Alice Finall is hoping this municipal election will provide a return to a co-operative, well-led council in the District of North Saanich — like the council she led two terms ago.
Finall is running for a third term as mayor of the community and unlike three years ago when she retained the mayor’s chair by acclamation, she is facing a trio of challengers this time around. She said the encouragement of residents spurred on her decision to seek a third mayoral term — and she admits she wants to get the taste of the last term of office out of her mouth.
Finall was decidedly in the minority on council since 2011, opposing what she calls “unplanned and dramatic urban level increases in residential housing.”
Her stance on this issue, as well as battles between two distinct camps on council, made for sometimes long and combative sessions. The current term saw Finall replaced as the community’s director for the Capital Regional District by her political opponents, a council that had to undergo mediation to improve their working relationship and a general lack of decorum that caused residents to react negatively.
“I kept struggling to reach people with good communication and consultation on major initiatives,” she said.
Her first term as mayor saw large public meetings on issues such as the proposed Sandown lands development and fire hall upgrade, as well as a return to holding neighbourhood meetings. Finall said that she tried to honour that during this current term.
“You can’t legislate good behaviour,” Finall noted. “I tried to always maintain a high level of respect and decorum, but the mayor only has one vote. I tried to reinforce the rules but was overruled by council several times.”
Finall said she hopes this election brings a change for the better.
Most of council’s animosity grew out of housing issues in the district. Finall said council this term made significant changes to the 2007 official community plan. In 2011, Finall discouraged council from undertaking a full review of the OCP — now she said she wants to see the document put to the community for just that.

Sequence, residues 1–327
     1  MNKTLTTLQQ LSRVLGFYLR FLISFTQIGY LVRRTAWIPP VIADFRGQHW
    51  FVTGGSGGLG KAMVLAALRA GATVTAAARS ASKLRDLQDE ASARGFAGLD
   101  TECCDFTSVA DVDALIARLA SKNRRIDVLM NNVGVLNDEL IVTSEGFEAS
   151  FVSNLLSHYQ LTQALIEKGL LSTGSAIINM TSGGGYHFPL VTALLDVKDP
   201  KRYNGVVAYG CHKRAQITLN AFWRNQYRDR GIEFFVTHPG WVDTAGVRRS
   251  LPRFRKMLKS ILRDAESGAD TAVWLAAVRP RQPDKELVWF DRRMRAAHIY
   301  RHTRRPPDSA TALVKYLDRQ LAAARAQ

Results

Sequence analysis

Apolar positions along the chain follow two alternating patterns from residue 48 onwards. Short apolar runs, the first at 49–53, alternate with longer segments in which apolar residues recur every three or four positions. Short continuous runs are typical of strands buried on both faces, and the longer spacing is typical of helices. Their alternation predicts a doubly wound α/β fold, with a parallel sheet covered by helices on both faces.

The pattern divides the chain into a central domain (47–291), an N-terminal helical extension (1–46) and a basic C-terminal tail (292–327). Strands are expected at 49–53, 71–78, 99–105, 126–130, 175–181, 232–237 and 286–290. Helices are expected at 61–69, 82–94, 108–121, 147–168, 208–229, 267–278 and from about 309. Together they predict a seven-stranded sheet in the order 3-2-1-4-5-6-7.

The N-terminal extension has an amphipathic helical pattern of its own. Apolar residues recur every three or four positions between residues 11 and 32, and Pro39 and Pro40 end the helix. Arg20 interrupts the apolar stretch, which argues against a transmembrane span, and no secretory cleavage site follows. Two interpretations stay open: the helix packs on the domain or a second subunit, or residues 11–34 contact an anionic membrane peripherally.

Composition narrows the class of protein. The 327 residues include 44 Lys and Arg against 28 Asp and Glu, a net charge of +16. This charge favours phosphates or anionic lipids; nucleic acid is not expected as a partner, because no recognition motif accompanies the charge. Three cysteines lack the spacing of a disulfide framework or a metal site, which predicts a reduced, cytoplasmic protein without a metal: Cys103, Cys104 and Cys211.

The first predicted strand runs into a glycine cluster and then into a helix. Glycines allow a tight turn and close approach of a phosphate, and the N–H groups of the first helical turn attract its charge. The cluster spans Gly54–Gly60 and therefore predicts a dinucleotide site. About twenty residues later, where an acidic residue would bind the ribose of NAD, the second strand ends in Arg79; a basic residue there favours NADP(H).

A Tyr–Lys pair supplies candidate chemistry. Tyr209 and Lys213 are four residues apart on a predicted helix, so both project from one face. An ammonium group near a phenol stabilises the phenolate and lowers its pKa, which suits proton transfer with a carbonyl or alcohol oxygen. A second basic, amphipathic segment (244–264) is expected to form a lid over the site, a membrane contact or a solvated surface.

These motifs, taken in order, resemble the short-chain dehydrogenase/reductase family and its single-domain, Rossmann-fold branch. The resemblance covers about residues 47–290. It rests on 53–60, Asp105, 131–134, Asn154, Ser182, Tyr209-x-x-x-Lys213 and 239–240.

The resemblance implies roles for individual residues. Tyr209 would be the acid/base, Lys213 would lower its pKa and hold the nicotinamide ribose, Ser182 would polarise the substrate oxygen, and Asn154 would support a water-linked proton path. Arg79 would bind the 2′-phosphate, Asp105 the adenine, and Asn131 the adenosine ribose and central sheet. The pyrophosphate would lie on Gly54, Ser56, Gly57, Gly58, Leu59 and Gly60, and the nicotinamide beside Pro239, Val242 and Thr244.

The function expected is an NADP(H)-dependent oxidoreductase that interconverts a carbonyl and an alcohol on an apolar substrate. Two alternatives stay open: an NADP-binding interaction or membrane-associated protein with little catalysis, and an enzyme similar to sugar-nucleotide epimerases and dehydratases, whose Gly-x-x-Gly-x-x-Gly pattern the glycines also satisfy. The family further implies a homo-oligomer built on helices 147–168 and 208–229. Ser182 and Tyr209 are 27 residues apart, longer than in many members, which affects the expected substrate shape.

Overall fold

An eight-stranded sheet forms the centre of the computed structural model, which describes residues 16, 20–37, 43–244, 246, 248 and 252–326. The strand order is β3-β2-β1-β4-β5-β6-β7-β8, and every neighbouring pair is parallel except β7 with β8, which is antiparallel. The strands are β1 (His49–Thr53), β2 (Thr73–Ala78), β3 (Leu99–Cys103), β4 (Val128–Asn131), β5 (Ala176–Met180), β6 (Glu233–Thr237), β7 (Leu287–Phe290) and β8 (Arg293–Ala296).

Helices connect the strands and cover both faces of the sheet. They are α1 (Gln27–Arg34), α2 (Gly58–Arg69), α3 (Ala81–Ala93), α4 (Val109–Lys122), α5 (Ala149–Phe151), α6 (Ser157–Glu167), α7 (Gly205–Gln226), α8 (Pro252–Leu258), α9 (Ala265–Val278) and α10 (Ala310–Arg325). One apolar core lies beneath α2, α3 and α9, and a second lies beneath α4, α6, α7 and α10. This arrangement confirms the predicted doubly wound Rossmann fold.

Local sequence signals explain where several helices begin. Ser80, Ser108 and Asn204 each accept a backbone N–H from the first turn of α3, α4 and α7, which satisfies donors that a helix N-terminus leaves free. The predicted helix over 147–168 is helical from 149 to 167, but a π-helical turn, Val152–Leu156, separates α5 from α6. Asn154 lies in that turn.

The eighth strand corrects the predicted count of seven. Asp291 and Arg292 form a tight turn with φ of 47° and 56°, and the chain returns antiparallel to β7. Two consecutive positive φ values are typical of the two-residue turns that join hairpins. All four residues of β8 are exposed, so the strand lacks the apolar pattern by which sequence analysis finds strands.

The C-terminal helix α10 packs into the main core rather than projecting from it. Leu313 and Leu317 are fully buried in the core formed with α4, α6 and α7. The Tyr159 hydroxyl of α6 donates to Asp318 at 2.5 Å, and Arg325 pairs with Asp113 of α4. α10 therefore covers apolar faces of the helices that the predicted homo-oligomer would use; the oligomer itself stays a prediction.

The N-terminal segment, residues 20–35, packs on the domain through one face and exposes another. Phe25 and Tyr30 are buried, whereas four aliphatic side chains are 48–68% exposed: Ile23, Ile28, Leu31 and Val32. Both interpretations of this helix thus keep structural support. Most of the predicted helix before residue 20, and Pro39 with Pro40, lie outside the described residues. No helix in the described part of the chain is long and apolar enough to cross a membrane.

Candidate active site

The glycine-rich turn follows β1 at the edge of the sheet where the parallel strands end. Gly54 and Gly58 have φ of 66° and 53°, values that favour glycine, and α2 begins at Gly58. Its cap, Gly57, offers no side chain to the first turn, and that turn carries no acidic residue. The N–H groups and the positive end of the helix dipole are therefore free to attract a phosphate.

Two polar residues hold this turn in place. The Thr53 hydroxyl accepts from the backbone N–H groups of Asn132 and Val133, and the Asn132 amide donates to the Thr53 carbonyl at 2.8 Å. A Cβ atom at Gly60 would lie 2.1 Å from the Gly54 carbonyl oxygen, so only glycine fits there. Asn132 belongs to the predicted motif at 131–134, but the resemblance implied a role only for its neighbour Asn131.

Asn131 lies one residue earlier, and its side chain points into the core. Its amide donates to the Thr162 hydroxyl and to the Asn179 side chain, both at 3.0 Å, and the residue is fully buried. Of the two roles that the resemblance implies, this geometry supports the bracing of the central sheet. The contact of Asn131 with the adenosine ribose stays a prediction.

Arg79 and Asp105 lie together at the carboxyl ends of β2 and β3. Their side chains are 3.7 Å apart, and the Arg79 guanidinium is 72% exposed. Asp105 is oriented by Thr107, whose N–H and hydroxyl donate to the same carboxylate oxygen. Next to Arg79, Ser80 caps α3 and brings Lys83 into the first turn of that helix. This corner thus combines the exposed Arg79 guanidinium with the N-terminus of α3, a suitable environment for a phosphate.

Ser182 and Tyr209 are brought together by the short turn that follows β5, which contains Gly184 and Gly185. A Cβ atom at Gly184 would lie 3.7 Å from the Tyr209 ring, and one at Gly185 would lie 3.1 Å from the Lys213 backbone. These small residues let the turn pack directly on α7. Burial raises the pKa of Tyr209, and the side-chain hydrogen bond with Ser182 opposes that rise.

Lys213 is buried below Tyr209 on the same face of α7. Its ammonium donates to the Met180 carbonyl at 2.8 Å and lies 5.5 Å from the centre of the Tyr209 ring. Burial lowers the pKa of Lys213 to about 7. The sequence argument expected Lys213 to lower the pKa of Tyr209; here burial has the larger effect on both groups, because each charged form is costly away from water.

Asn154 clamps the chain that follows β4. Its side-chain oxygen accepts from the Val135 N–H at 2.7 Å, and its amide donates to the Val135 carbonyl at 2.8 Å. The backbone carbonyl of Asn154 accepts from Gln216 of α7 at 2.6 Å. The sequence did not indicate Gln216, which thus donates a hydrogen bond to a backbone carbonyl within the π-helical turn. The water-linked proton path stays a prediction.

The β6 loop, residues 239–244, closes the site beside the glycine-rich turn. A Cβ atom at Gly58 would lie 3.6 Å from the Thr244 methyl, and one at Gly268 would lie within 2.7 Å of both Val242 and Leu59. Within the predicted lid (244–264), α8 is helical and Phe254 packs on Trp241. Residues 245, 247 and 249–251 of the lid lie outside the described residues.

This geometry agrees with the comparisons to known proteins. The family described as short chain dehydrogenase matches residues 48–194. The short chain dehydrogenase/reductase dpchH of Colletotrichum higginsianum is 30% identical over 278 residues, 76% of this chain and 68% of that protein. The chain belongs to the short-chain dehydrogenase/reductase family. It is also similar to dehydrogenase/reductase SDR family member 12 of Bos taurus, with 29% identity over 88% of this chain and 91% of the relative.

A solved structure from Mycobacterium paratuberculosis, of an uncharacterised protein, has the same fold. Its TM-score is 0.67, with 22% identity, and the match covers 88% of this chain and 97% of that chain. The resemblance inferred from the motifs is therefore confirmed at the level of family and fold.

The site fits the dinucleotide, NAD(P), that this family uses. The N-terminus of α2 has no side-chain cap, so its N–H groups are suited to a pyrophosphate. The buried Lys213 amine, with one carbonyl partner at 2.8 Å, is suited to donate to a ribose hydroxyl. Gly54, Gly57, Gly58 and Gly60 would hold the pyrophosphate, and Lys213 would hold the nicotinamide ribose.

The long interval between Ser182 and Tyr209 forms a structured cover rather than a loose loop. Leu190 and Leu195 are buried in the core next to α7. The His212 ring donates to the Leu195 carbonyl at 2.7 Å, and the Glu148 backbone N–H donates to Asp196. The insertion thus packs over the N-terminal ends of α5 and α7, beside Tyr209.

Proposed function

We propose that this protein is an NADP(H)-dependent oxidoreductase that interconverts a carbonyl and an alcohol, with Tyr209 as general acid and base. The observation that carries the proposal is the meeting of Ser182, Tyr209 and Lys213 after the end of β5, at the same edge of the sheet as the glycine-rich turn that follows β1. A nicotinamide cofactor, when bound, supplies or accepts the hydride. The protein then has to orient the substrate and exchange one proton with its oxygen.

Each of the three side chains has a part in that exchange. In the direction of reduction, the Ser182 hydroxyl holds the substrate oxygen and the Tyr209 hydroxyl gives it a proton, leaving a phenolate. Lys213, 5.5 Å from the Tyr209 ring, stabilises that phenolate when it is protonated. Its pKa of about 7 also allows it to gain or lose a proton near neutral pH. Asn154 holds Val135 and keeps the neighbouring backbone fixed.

The change of position, she said, came after seeing just how far council went in changing local housing policy.
“I had no idea the extent that the majority of council wanted to go,” she explained. “People felt blindsided. I don’t think people had any idea this was the direction they wanted to take.”
Community planing and policy direction is now this fall election’s main issue in North Saanich, she said.
“We need to have an OCP review. We can’t revise everything that’s been done, such as existing permit approvals. Those that have been approved will go ahead. Until others reach that stage, they could be stopped, depending on council.”
Finall is basing much of her 2014 campaign on holding an OCP review with a specific look at housing policy — from density to affordable options.
District residents will also face a decision at the polls on the question of amalgamation. North Saanich decided to put a referendum on the ballot, asking “Are you in favour of a study, provincially funded, to investigate the feasibility, costs and implications of amalgamating the three municipalities on the Saanich Peninsula of Sidney, Central Saanich and North Saanich?”
Finall said council is concerned, pretty much as a whole, that amalgamation could bring about tax increases in the community. Yet, she agreed that residents need to be asked if they approve of the next council seeming more information on the issue. Depending on the result on Nov. 15, further action may proceed.
Finall said her campaign this fall is one of seeking good policy direction in North Saanich.
“We need good planning for major changes and those decisions made this last term have not been planned. The major threat to rural community is urban sprawl and … the costs of this have not been anticipated.”
Finall, a retired lawyer, was first elected mayor in 2008 and has 14 years of municipal council experience.